“We must ask ourselves what kind of communities we want, not just today but fifty years from now,” said Dr. King. “We must intentionally acknowledge that institutional racism is alive and well, and be willing to speak “truth to power” regarding the racial problems that persist in America today.”
St. John the Divine continues to lead programming, including choral celebrations, that celebrate the legacy of Dr. King.
Dr. Martin Luther King Jr. Blvd.
The stretch of Harlem’s central corridor — 125th Street — is honorarily named after the social justice pioneer. It was named after Dr. King in 1984.
From First Avenue to the Henry Hudson Parkway lined along both sides of the street are locally-owned businesses, grassroots nonprofits, and other neighborhood gems that serve as actualizations of his visions for economic and social progress, cultural innovation, service, and the power of community. It’s one of 1,000 streets throughout the country named for Dr. King.
506 Lenox Ave.
On Sept. 20, 1958, while visiting the now-shuttered Blumstein’s Department Store in Harlem for a book signing that celebrated the release of his memoir "Stride Toward Freedom: The Montgomery Story," Dr. King was harrowingly attacked and stabbed by Izola Ware Curry.
The weapon was lodged near his aorta and he underwent life-saving surgery led by trailblazing doctor Aubre de Lambert Maynard — who was a clinical professor of surgery at Columbia's Vagelos College of Physicians and Surgeons — at Harlem Hospital. Following the procedure, Dr. Maynard monitored King’s progress and he fully recovered from the unfortunate incident on January 16, 1959. Dr. King penned a letter of gratitude to the surgeon after his recovery.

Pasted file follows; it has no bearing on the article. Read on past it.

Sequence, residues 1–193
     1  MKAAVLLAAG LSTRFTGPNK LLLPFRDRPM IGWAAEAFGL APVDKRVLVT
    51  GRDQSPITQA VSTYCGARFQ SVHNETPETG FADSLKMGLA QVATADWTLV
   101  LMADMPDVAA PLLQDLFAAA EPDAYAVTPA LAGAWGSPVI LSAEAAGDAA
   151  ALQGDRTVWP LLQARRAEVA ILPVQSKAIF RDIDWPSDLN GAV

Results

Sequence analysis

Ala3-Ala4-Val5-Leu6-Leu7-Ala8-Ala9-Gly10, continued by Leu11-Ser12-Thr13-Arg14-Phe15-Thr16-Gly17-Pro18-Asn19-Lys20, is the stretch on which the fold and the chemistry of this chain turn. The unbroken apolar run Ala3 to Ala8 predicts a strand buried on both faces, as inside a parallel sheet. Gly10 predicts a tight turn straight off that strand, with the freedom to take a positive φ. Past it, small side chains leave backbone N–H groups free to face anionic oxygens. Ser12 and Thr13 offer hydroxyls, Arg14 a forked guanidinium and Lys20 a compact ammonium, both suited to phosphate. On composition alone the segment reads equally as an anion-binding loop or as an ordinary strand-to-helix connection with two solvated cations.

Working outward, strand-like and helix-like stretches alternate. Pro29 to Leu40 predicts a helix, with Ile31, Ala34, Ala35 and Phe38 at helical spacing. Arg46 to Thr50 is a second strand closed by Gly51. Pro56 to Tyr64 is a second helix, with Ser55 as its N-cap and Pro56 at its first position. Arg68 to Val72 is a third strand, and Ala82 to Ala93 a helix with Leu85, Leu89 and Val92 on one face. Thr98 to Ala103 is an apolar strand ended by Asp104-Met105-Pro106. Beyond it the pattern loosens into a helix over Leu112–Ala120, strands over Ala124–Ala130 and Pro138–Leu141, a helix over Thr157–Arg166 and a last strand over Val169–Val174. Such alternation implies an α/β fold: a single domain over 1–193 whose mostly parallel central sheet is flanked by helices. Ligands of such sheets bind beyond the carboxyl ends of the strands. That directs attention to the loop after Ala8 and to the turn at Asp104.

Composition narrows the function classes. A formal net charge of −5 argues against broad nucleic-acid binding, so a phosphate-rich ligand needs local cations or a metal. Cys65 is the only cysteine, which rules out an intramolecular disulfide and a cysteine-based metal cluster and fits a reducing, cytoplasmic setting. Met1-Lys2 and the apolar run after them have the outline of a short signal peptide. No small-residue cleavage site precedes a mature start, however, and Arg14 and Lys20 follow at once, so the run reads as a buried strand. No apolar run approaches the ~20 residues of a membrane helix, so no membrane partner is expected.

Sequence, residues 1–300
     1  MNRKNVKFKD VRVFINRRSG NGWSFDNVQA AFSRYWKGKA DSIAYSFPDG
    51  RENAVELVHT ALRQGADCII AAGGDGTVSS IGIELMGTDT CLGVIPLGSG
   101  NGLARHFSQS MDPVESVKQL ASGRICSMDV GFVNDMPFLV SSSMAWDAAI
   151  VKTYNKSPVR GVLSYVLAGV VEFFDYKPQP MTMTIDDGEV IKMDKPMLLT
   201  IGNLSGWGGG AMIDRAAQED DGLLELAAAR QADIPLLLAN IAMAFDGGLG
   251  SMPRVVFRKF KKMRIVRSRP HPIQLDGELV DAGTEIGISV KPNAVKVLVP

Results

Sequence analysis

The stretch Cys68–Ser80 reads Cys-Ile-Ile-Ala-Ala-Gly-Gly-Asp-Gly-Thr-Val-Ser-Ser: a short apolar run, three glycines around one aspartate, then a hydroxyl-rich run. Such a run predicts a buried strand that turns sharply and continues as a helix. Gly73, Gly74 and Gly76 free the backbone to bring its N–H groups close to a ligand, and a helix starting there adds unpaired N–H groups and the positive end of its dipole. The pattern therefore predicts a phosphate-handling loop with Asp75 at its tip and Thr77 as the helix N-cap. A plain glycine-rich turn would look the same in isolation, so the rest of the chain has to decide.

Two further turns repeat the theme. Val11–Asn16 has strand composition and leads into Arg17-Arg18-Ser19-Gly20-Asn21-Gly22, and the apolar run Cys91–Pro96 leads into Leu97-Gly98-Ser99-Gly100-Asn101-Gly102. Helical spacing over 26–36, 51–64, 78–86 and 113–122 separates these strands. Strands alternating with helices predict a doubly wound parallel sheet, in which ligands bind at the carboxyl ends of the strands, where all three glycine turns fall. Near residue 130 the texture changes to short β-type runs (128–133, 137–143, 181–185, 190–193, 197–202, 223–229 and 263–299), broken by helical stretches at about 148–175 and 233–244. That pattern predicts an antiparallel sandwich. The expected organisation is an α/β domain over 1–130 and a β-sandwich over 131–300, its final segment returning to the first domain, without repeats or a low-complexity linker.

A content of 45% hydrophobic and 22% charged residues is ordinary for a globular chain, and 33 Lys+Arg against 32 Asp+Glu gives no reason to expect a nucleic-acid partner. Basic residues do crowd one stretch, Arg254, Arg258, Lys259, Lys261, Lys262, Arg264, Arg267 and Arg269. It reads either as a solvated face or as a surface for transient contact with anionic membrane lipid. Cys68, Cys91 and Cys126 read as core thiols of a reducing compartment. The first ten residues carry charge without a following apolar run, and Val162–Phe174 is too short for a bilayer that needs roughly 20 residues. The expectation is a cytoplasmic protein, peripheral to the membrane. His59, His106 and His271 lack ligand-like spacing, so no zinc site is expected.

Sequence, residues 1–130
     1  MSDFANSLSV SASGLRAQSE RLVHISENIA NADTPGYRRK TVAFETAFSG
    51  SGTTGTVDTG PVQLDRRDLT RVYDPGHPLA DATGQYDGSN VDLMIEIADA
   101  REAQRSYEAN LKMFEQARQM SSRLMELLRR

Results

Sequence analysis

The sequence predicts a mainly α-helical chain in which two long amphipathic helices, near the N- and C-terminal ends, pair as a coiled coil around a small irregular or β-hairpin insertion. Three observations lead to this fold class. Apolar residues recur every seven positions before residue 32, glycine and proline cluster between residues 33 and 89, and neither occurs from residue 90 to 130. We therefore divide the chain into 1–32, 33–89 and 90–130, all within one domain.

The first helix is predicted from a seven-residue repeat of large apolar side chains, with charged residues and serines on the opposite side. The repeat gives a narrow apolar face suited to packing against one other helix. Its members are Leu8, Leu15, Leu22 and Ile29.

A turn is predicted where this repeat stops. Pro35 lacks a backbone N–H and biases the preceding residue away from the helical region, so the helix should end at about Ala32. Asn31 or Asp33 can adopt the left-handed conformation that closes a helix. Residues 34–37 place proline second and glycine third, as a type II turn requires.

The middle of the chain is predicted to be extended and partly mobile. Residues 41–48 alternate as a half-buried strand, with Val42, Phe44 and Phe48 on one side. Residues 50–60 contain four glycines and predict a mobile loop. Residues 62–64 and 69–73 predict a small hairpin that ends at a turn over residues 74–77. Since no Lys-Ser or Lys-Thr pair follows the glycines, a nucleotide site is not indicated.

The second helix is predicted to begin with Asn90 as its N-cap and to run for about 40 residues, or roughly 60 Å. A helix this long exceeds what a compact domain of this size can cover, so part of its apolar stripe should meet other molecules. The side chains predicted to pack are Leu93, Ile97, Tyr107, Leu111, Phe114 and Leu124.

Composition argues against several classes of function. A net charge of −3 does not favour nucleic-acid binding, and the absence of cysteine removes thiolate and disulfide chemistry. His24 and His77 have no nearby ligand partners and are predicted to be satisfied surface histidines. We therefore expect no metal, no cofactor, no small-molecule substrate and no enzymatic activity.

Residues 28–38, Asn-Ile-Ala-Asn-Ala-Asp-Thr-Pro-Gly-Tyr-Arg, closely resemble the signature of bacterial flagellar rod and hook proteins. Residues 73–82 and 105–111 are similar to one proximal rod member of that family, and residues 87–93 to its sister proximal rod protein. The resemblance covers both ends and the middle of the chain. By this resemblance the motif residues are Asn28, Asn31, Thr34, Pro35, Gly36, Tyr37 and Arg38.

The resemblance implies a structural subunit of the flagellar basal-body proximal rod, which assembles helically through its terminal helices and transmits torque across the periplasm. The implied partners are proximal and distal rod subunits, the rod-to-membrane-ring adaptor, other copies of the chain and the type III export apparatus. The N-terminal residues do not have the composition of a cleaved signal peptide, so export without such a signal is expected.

“I have no doubt that it was your skilled surgery and your genuine concern that brought me from a very low ebb to a healthy body again,” King wrote. “Your thoughtful and considerate concern will remain dear to me so long as the cords of memory shall lengthen.”
Today, the hospital harbors the Martin Luther King Pavilion to commemorate the day he was saved and honor his enduring legacy.
Columbia University, Miller Theatre
Columbia University served as the backdrop for one of Dr. King’s powerful speeches. On October 27, 1961, he spoke at the McMillan Theatre — presently known as the Miller Theatre — about voter registration and the need to eradicate segregation entrenched within federal programs. During his speech, he also spoke about his dismay with the White House’s lack of involvement in the advancement of civil rights for disenfranchised communities.
He was invited by The Columbia Owl, a publication of Columbia’s School of General Studies. Over 300 people attended and proceeds from the event were given to the Southern Christian Leadership Conference: a nonprofit centered on teaching youth and adults about the different facts of civic engagement. Student activists also donated to the grassroots social justice organization.
“Morality can’t be legislated, but behavior can be regulated,” Dr. King said. “Our laws must control the effects of bad internal attitudes."